I was involved in the founding of one such project, Christendom College in Front Royal, Virginia, in 1977, and my wife has taught part-time over a period of thirty years at one of the most noteworthy high schools, Seton School, in Manassas, Virginia, which was founded just a little earlier. The presence and impact of Seton School led the late Fr. John Hardon famously to advise: “If you want your kids to be Catholic, move to Manassas.” The effective witness of faculty and administration at such institutions, along with the larger communities formed by the deeply-committed Catholics who take advantage of them, creates an environment which nurtures Faith to stand the test of time. This eventually results in the formation of many other businesses run on Catholic principles, and it immediately causes a veritable explosion of authentic Catholic marriages and fine Catholic families.
Catholic Medical Care
After the legalization of abortion in America in 1973 created a new cultural flashpoint, Catholics were once again very quick to form crisis pregnancy centers to save babies and provide support for women in troubled pregnancies. Most readers are well aware of this effort, so I will pass over it quickly simply to identify it as a second major example of a Catholic response which was actually institutionally embodied. It led to the formation of concrete community entities, not just ideas. This incarnation of Catholic ideas in the concrete circumstances of the social order is the principal building block of culture, and these centers in fact serve as oases of Catholic culture around the entire country. They also serve as the beginning of a revived concept of Catholic medical care, for a large part of their work consists of holistically “treating” the distress associated with pregnancy while also responding to the particular medical needs of the women who seek their help.
In many cases, such an incarnate Catholic response requires a “critical mass” of highly committed Catholics in a specific geographical location. For obvious reasons, good schools tend to be powerful magnets for attracting this critical mass. Along with several other locations in America, Northern Virginia has become something of a Catholic oasis, both because of the large number of “unofficial” Catholic organizations (along with their employees and families) and because of the solidity of the bishops and priests of the Diocese of Arlington since its founding in 1974. It is not surprising, therefore, that Fairfax, Virginia was chosen by Dr. John Bruchalski in 1994 to be the location of a new kind of OB/GYN facility, devoted to a thoroughly Catholic vision of medical care. Bruchalski’s Tepeyac Family Center is not the only visionary, lay-run Catholic medical initiative in the United States, but it is the one I know best, and it does stand as a successful model for others.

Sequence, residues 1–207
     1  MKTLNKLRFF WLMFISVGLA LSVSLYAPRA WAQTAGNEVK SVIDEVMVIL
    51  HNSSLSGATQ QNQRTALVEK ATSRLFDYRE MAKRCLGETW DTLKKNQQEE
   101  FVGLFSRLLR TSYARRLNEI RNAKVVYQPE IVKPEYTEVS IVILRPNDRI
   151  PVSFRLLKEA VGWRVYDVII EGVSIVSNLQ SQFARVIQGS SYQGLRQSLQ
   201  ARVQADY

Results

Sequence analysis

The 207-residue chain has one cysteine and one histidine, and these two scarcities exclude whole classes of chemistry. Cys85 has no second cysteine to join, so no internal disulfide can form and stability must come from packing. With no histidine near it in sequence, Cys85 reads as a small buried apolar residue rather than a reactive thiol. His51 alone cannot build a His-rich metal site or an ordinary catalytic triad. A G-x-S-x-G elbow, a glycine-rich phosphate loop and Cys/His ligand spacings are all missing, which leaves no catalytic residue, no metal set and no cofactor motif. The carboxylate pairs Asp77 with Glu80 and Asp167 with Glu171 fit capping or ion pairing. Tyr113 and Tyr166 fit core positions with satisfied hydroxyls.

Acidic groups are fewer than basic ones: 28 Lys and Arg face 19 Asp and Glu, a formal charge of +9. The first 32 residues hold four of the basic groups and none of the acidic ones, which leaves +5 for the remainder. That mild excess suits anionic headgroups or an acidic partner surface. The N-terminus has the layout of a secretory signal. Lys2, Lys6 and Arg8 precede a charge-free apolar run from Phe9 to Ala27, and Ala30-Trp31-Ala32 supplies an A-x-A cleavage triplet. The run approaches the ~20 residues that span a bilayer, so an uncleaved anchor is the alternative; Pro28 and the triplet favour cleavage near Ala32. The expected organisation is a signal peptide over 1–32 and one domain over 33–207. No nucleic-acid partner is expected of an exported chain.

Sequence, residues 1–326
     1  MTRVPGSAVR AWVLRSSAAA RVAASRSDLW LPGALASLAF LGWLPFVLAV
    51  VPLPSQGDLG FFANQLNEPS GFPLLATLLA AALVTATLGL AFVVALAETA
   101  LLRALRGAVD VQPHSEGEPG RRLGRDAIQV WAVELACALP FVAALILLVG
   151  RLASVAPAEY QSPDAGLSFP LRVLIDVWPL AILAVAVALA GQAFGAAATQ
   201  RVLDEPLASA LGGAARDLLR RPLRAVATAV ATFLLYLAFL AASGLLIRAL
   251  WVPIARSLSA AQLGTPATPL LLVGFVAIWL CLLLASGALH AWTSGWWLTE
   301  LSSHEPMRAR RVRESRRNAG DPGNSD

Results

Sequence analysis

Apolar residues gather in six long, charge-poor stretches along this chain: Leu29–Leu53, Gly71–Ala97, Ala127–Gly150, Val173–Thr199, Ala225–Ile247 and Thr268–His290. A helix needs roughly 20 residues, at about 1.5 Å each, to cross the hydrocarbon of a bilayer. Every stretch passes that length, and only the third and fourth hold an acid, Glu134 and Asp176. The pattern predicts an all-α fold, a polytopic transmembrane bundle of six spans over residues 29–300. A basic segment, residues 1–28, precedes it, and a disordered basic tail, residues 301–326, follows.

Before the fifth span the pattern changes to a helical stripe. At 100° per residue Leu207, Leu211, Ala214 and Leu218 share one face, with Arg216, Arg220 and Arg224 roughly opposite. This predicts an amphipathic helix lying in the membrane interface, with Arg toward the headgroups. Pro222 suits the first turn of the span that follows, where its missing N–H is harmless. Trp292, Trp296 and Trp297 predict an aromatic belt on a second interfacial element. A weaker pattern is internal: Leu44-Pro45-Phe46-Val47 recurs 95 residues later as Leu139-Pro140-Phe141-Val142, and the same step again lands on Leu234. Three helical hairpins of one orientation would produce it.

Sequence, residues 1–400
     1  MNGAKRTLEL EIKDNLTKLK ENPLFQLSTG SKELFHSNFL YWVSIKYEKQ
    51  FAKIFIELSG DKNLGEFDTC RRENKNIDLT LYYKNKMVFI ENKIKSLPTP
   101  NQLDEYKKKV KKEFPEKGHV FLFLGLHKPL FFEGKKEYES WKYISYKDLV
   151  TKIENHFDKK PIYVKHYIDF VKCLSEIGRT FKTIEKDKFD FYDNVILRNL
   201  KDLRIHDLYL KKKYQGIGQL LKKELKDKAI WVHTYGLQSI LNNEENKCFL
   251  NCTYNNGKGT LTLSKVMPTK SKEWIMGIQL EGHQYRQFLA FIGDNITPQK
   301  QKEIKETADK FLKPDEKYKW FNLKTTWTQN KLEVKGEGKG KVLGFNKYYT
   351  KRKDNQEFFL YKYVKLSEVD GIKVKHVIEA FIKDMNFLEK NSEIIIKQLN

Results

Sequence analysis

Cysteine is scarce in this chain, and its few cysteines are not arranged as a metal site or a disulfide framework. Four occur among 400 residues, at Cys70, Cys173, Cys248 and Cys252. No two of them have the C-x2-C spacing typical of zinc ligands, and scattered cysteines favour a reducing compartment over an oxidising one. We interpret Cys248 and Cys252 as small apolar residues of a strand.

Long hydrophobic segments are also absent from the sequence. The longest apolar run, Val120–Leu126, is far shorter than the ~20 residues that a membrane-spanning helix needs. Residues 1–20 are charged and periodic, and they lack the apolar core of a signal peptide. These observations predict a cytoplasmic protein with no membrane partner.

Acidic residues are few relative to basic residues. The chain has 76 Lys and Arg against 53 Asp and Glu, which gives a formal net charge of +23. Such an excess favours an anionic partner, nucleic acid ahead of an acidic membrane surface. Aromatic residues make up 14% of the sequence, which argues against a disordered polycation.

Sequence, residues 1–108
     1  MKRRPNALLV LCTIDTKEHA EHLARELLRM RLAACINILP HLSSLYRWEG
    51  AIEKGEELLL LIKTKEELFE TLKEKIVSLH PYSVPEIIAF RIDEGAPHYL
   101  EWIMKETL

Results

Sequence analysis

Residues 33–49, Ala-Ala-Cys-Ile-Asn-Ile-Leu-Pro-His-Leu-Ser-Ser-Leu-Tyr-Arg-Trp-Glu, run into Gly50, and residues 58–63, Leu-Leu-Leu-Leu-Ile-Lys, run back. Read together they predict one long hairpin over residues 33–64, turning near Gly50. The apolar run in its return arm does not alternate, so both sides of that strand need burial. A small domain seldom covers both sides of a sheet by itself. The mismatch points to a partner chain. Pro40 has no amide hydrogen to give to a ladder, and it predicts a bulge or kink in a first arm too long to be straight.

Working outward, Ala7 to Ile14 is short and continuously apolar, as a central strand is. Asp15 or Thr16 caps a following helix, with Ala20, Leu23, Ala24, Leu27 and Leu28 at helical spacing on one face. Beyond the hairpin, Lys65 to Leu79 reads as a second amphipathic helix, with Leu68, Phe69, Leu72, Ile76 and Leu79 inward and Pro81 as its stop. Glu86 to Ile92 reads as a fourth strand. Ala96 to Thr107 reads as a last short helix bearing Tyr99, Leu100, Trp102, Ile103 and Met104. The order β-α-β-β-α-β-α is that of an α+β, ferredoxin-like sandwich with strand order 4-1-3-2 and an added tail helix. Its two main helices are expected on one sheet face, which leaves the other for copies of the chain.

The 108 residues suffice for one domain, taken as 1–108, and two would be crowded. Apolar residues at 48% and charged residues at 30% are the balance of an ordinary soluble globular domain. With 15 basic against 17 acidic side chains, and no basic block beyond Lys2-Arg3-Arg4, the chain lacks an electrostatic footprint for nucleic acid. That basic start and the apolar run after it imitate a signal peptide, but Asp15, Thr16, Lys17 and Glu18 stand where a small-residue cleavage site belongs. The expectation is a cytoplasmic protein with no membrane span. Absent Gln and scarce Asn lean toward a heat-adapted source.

During the early struggle to make ends meet, including the stupendous cost of medical malpractice insurance, Dr. Bruchalski eventually decided to incorporate as a non-profit, and to set up an umbrella organization, Divine Mercy Care, to raise funds and foster other related Catholic medical initiatives. For example, the first DMC Pharmacy has opened recently and, because of the high volume of requests for support and information from doctors around the country, there are plans to develop a nationwide resource center on fertility and pregnancy issues. DMC and Tepeyac are enormously popular among Catholics in Northern Virginia, and their annual fundraising gala is always both inspiring and highly successful. Support from the larger community enables the doctors at Tepeyac to provide exemplary OB/GYN care, including emotional and spiritual support, not only to paying customers but to an ever larger number of poor women facing either unwanted or medically-difficult pregnancies. Its team of six physicians and a nurse practitioner is devoted to caring for women regardless of “race, creed, culture, or income level.”
The Incarnation and Catholic Culture
As these new Catholic educational and medical initiatives become more widely known, and as an increasing number of flashpoints emerge in the contemporary culture wars, we can expect lay people to craft uniquely Catholic responses in a wider variety of cultural areas. Some others have already become visible, with varying degrees of success, such as moral investment funds. There are many potentially creative ways to implement such initiatives, but each initiative will be formed by the Catholic incarnational principle. In other words, Christian culture must be expressed as an embodiment—or a series of separate but related embodiments—of the Catholic Faith, which must be incarnated again and again in the concrete social circumstances of each place and period. Moreover, as the laity gain in spiritual strength and as reform takes place in dioceses and religious orders, vocations to the priesthood are beginning to improve in both quality and quantity. Thus the hierarchical Church can be expected to continue its slow process of renewal. Eventually, a significant number of existing institutions should be regenerated from within.
I have mentioned that, in many cases, the success of such initiatives requires a critical mass of committed Catholics in single geographical area. Despite the value I place on the work of CatholicCulture.org, there is something oxymoronic about an online Catholic culture. Whatever Catholic culture we find online will be valuable only insofar as it serves as a support and a catalyst for the concrete transformation of families, parishes, organizations, corporations, institutions and governments in the real world. That transformation has already begun in Catholic education and Catholic medical care, though these current pockets of Catholic culture must be multiplied and expanded before anything like a majority of people will have the opportunity to be touched and similarly transformed. Nonetheless, the work has begun, and some essential features of the process are now fairly clear: Fidelity to Christ, lay leadership, concrete (“incarnational”) implementations, supportive communities, widespread personal sacrifice, and unflinching resolve. That’s the kind of highly specific, muscular effort it takes to create an authentically Catholic culture. We’ve seen that culture begin to take shape already in several important areas. Where will it form next?